The two Pre-Code films we’ll be covering today are Possessed (1931) and Sadie McKee (1934).
Ambitious factory Girl Marion Martin meets a handsome well-to-do, but he’s interested in her as a mistress, not a wife.
Starring Joan Crawford, Clark Gable, and Wallace Ford. Based on a play by Edgar Selwyn. Adapted by Lenore J. Coffee. Directed by Clarence Brown.
Many film scholars consider this to be one of the first movies in which Crawford gives a mature and solid performance. Furthermore, Possessed is considered to be perhaps her second film, after Paid (1930), of legitimate dramatic substance. While I can wholeheartedly attest to the claims about Ms. Crawford’s performance, I have to be direct and tell you that Possessed is a difficult film to love. There are a lot of things to love IN this film, but the plot seems to meander without structure, and I found it difficult, as a future storyteller, to appreciate the story the film was attempting to tell.
Joan Crawford works in a paper box factory, but leaves her boyfriend behind and moves to the big city after meeting a wealthy New Yorker on a passing train. Upon arriving in New York, the man gives her some advice: get a rich husband. She sets her sights on one of his lawyer friends, Clark Gable. Three years pass and Crawford is now glamorous, sophisticated, and living comfortably thanks to her relationship with Gable. Though they are both in love, Gable is reluctant to make her his wife, and so to avoid scandal, he has concocted a pseudonym for her: Mrs. Moreland, a wealthy divorcee. Joan’s ex-boyfriend returns, still in love with her, and hoping to snare a big job working for Gable. Meanwhile, Gable’s plans to run for political office are hindered by his relationship with Joan, so she dumps him and claims she is going to marry her ex. Then one of Gable’s rival candidates is determined to find out exactly who Mrs. Moreland is…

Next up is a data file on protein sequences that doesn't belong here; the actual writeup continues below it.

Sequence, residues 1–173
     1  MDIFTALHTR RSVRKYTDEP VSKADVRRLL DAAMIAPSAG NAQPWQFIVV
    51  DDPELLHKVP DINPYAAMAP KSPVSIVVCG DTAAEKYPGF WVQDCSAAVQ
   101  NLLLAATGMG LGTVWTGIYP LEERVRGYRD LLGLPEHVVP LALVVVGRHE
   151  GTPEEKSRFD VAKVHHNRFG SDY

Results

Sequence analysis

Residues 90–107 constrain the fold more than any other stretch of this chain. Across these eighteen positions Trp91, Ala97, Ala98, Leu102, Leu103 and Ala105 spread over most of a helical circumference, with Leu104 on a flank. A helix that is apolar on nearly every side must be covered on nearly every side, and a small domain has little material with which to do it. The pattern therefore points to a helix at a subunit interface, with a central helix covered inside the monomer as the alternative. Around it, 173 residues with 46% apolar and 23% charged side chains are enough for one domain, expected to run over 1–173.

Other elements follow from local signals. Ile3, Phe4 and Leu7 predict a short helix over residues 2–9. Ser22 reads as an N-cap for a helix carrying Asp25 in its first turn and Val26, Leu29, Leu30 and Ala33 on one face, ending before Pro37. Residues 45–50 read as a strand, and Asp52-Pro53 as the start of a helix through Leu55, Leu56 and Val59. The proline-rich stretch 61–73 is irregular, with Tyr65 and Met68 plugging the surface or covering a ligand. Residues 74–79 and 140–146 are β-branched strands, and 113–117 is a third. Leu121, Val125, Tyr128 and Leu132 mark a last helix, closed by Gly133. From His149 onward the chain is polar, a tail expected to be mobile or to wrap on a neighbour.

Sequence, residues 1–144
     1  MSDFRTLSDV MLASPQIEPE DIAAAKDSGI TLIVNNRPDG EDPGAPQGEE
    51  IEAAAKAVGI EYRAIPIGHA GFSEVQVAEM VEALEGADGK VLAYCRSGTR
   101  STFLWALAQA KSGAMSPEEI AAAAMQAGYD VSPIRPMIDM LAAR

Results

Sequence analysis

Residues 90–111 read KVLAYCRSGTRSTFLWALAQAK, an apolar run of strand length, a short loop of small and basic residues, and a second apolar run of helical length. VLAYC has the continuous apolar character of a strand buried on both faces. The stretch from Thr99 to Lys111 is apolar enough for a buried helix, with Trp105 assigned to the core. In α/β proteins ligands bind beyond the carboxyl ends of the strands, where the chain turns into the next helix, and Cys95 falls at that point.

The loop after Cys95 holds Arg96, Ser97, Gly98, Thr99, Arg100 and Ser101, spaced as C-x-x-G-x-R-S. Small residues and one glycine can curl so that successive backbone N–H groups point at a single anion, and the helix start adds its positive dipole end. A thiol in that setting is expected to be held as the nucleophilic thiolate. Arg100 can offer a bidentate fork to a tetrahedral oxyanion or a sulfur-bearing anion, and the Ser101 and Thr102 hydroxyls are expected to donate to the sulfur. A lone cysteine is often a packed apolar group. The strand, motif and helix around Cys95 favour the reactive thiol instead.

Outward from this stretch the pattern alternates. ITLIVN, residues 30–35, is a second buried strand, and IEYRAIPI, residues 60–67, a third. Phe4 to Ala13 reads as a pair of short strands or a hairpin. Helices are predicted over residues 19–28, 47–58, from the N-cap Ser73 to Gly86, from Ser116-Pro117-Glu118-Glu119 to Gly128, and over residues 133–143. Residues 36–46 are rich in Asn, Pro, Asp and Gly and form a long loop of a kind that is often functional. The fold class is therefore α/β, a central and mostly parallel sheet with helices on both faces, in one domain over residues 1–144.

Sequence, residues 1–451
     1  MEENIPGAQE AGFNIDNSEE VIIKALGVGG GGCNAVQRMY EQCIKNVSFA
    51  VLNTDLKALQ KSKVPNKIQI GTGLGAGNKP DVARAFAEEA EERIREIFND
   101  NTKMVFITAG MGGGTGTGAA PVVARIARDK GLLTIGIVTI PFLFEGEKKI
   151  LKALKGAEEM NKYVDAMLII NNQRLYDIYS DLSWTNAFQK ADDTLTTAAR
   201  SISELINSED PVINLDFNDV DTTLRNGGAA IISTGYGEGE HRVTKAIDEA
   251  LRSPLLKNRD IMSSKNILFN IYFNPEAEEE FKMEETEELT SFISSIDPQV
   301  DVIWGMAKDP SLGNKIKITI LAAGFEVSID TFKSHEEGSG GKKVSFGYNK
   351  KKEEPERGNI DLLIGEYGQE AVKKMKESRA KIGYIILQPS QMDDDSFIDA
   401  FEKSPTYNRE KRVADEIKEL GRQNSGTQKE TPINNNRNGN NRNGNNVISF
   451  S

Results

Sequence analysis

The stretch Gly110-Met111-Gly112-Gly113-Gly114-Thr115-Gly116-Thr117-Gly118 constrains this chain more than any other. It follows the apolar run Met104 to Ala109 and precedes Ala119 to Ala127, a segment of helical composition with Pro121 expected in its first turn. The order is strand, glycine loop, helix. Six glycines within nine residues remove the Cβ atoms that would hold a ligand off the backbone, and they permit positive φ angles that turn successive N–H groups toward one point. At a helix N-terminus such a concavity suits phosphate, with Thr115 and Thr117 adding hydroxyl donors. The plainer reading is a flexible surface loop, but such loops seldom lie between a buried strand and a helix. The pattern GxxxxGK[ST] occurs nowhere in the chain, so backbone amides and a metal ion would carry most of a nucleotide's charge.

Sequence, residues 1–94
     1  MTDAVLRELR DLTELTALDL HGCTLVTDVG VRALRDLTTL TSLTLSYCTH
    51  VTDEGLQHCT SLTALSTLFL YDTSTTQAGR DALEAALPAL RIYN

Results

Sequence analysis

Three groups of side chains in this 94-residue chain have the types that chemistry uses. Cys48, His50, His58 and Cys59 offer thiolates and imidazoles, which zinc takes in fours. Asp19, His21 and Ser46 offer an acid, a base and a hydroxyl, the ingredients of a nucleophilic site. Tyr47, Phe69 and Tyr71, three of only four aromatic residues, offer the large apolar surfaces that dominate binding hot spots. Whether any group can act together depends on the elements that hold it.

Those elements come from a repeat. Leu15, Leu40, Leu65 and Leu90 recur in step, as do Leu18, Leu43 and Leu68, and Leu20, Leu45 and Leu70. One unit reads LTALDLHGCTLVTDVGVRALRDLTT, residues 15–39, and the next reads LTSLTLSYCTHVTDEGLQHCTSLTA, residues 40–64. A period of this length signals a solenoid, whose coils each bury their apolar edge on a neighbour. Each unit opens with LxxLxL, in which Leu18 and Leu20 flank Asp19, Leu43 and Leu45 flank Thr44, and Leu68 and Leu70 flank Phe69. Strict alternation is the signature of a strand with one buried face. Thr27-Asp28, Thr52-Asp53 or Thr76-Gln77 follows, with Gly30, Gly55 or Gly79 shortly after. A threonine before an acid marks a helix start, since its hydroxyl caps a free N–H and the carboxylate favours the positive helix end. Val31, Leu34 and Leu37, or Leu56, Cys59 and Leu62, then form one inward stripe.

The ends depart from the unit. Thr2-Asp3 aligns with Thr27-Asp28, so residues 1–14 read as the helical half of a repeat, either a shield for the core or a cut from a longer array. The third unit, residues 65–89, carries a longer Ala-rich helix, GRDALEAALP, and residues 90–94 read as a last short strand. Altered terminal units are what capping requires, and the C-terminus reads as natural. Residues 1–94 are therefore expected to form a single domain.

The dialogue is sharp and the sophisticated themes are invigorating. The first half of the film manages to be quite engrossing, but the second half with the arrival of Joan’s ex-boyfriend muddles up the story. The engrossing tale of unwed Crawford’s determination to be somebody (and her eventual love affair with Gable) is replaced with soapy romantic entanglements and an overly-dramatic political rally. For that reason, I can not rave about the story or it’s structure.
But, as I said above, there are many things to appreciate about this film. Crawford as a kept woman is the first. She looks radiant, she acts well, and she gets the audience totally onboard with what she’s doing, even if the story turns ridiculous. Gable is strong and matches Joan perfectly in this — their third film together. These are adults playing adult stories — and it’s magical. This film is highly recommended for fans of both Crawford and Gable. I would also recommend this picture for fans of Pre-Code cinema, because of the mature content.